September 14 is National Anthem Day. Here are some tips for celebrating with your students:
Help students understand the meaning of the words.
- Define unknown words like “ramparts” and “perilous.”
- Take students back to the War of 1812 and the battle at Fort McHenry that inspired Francis Scott Key to write the poem (see resources below).
- Use fun activities to help students memorize words. NAfME member Rachel Veenker writes one- or two-word fragments of the song on strips of construction paper, and the class works together to put the pieces in order.
Help students sing the challenging melody.
- The anthem requires moving from head voice to chest voice and good singing posture.
- Singing in low and high registers may be beyond the reach of younger children, but they can still learn the words and work on singing the melody.
- Many teachers find third or fourth graders can begin conquering the skills needed to sing the melody well.
- NAfME member Ann Holland Hughes says her students wanted to learn the song and “were pleased with themselves for doing a good job, knowing that the public views it as a challenging song to sing.”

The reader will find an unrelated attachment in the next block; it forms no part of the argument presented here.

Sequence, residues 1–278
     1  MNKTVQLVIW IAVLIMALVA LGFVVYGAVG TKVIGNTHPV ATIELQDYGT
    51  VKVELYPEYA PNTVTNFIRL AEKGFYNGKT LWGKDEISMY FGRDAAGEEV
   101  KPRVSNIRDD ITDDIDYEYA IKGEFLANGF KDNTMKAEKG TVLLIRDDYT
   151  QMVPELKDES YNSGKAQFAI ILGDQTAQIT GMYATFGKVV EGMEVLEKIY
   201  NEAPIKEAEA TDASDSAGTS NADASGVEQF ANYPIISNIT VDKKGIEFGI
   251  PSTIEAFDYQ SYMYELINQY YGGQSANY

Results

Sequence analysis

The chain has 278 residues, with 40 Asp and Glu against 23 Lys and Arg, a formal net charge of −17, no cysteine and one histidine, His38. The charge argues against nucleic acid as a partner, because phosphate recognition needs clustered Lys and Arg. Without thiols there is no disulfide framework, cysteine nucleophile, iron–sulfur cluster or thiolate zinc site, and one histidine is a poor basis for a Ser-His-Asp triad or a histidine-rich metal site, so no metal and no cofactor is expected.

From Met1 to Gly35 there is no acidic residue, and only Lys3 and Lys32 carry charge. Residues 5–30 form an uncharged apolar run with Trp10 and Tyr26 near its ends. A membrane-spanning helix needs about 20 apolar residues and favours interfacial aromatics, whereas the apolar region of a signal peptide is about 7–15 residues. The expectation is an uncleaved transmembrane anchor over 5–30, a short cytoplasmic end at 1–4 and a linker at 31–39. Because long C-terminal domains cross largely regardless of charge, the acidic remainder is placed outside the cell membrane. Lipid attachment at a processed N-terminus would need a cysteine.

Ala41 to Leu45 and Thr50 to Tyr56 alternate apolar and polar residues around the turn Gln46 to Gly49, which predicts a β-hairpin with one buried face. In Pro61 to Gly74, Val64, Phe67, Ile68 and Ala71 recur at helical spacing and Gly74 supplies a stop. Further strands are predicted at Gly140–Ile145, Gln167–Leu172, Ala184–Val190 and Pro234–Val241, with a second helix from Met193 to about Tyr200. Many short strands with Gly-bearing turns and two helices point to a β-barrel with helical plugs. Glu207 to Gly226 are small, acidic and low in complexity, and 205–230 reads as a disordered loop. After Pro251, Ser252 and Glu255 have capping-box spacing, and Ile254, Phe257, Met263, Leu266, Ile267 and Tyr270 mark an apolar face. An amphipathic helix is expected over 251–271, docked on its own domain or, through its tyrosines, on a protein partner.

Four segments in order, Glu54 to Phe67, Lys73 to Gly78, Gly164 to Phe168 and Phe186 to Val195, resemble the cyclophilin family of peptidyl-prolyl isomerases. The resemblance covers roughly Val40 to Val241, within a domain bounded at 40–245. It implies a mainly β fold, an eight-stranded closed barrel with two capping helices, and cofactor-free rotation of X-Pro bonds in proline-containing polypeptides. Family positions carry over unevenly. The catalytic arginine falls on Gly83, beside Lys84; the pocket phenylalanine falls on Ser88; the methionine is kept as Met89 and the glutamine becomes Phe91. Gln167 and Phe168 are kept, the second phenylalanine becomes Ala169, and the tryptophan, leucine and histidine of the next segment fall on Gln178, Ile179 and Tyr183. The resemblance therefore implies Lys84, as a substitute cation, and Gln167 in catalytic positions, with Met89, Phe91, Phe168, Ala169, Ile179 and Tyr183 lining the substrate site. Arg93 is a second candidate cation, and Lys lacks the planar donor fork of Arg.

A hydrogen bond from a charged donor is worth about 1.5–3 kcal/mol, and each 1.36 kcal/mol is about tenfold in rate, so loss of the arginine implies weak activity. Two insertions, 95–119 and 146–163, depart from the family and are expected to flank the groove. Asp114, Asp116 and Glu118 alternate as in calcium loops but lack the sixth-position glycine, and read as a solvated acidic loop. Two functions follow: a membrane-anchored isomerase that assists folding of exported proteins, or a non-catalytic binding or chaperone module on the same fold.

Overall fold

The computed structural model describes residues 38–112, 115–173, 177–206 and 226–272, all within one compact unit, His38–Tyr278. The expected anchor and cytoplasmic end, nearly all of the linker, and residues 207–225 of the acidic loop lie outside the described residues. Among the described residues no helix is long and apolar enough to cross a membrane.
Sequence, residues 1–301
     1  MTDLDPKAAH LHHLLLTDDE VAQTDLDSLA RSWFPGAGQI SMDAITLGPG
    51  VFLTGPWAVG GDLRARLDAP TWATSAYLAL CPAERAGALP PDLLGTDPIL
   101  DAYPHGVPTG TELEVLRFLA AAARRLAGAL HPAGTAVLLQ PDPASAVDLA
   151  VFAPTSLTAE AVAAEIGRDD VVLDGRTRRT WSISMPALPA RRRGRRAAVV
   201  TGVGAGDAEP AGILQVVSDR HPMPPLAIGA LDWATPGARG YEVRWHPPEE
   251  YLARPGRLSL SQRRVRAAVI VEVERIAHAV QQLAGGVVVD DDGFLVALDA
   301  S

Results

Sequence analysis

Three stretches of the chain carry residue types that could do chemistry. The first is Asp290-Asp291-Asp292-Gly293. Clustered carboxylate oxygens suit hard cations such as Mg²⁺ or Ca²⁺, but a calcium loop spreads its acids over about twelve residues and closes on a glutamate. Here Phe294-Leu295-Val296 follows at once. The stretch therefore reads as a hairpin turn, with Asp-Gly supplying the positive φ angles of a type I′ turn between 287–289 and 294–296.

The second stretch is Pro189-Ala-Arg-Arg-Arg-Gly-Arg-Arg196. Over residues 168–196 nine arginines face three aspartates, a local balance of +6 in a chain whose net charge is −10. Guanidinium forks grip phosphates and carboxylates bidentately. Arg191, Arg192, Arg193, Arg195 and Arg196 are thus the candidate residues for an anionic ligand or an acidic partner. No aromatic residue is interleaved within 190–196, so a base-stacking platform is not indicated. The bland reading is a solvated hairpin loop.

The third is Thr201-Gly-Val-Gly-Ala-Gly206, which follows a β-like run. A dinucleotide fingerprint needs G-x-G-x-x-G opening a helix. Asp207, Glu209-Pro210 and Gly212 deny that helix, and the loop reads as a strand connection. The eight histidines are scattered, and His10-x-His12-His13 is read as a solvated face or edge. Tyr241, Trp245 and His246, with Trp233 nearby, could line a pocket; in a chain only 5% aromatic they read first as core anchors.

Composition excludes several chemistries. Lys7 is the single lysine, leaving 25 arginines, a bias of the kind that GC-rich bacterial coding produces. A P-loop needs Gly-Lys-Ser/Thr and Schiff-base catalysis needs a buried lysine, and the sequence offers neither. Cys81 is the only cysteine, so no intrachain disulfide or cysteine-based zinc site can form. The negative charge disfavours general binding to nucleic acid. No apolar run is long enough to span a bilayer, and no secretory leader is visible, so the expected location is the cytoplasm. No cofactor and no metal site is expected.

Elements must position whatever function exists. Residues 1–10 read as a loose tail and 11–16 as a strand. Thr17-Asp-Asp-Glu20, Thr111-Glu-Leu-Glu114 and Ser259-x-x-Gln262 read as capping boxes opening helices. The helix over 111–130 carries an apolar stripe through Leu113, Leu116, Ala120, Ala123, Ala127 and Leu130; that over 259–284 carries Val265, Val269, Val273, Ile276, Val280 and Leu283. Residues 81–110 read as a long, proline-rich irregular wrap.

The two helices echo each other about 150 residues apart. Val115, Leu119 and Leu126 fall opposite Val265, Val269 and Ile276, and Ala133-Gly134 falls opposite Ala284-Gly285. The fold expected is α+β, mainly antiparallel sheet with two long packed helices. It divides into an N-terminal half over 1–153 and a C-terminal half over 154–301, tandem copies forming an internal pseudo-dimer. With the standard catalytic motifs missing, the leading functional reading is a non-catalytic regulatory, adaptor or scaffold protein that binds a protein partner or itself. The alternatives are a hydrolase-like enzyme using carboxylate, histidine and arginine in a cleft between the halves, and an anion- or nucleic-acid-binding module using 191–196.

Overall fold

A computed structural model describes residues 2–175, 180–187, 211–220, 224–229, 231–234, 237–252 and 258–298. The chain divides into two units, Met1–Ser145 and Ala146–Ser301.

Please join with other schools across the country at 9 a.m. local time to celebrate our national anthem with your own celebration on September 14th.
- You can listen to the anthem or sing along.
- Sheet music is available in several voice arrangements and versions (including mariachi and steel drum).
- Lesson plans are available for elementary through high school level.
- There’s a list of recommended books, CDs, and Web sites.
- There are suggestions for publicizing your event.
Singing the “Star-Spangled Banner”
Tonic Chord in “The Star-Spangled Banner”
Musical Form of “The Star-Spangled Banner”
- The Smithsonian Institution offers a variety of resources on its Star-Spangled Banner Web site.
Rachel Veenker teaches at Cedar Island Elementary School in Maple Grove, Minnesota.
Ann Holland Hughes teaches at Brooks Museums Magnet Elementary School in Raleigh, North Carolina.
–Linda C. Brown, originally posted September 2, 2009, © National Association for Music Education (nafme.org)
This article was adapted from “O Say, They Can Sing! Teachers Share Their Tips for Teaching the National Anthem” in the October 2004 issue of Teaching Music.